The diary is weekly/ daily record of childs life events todate, is a statutary requirement for all placements used too be handed over too s. services. But now is too new parents.
Wish you all the best congradulations.
Thanks everyone, really detailed advice and so helpful. Will refrain from buying stuff for now, friends and GPs are already desperate to get involved
Can anyone tell me what on earth I need to do first WRT schools? Do I call up and ask for a visit and then apply? Or call the LEA? Do they legally need to attend age 4 or is it after they turn 5? I've googled but can't seem to find a clear, recent guide.
Sorry for all the questions!
In the normal run of things your 4yo would be starting in Sept (assuming you're in England which I realise you may not be) so you've already missed the normal application process. This is good because it gives you time to get to know DC before you decide anything.
You/SS need to decide what you want to do and whether you want her to start in Sept or not. She doesn't need to be in school til after 5th birthday but school/LA might want to start her in Y1 so she'd miss out on all of Reception.
Assuming she's not delayed development or anything and you're looking at her being placed July/Aug I might think about starting school very part time in Jan and building it up towards Summer.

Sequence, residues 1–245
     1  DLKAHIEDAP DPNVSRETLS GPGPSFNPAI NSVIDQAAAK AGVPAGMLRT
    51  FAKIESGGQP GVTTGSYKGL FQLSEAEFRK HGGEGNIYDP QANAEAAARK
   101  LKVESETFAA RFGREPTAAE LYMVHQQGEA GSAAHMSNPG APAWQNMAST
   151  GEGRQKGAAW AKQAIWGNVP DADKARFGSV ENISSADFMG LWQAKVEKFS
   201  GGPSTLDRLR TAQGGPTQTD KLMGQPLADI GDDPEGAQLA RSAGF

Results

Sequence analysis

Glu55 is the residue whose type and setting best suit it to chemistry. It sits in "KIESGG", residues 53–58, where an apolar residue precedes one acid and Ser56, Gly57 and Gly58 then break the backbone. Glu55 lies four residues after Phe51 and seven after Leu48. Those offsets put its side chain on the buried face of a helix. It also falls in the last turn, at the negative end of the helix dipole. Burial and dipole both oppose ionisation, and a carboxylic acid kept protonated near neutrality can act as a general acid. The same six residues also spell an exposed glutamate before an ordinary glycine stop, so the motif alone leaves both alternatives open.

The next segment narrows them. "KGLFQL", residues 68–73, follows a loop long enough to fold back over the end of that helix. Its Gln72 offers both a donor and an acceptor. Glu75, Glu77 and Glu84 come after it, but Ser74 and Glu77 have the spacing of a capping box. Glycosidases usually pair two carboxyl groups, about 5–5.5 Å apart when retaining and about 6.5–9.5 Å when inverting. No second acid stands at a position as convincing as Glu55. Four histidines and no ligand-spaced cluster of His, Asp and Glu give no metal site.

If you were only adopting one child I'd probably not say so soon, but if my experience is in anyway typical it's the only way you'll get to bond with younger DC (elder DC's being very attention-hungry).
Not sure what the process is applying out of cycle, but the start point is calling schools and arranging visits.
(I managed a great arrangement where DC1 went to school in morning just a couple of days a week building to 5, and DC2 had lengthy nap in the afternoons, so they each got 1-2-1 time.)
Huge congratulations. My advice would be talk to the foster carer before you buy anything. We literally took back at least 5 car loads of stuff from her - throughout intro week we were packing and taking a car load a night until we finally got to take home the most precious cargo
Plus everyone will buy you stuff as well so wait till you've settled and done a proper think about what you need
In my opinion as long as you have essentials such as nappies, cleaning stuff, calpol, bedding stuff and transport stuff you're so fine to start off with
And enjoy it !
It also means in addition to next day delivery you can stream peppa pig at 4 am
A good school who really "gets" adopted kids will most likely suggest a very phased start (once you've decided how far you'd like to defer - totally agree to take as much time as you can for building bonds first). Some schools control their own admissions, some you'll need to go through the LA, but the school will tell you. Someone gave me great advice, which was to ask to meet the SENCO/LAC lead as well as the head (and class teacher if at all possible but it might not be). That gave me a great feel for the attitude and types of support the school offered, and changed which school we chose.
Congratulations on your match! If the SWs will either co-ordinate messages, or let you have direct contact details for FCs, you can start to stock up on the washing powder/nappies etc they use. Otherwise, don't buy more stuff yet - do de-clutter, and try and get things ready to take care of yourself through the exhausting weirdness that is intros!